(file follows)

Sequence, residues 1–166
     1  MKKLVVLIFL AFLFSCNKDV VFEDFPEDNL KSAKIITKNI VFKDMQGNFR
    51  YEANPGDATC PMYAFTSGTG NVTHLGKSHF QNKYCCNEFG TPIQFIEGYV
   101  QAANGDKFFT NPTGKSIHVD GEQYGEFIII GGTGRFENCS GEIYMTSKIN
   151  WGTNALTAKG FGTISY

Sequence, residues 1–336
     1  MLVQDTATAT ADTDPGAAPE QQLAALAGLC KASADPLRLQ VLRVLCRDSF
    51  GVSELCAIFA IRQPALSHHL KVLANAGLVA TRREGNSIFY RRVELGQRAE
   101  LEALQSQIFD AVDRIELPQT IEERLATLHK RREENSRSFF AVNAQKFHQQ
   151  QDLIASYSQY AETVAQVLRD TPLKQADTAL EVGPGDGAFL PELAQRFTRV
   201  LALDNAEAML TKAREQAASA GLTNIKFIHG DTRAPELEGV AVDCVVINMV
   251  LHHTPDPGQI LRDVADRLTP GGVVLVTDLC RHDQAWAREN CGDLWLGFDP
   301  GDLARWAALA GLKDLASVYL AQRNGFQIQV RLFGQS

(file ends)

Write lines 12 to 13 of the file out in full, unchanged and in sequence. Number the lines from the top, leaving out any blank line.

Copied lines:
   251  LHHTPDPGQI LRDVADRLTP GGVVLVTDLC RHDQAWAREN CGDLWLGFDP
   301  GDLARWAALA GLKDLASVYL AQRNGFQIQV RLFGQS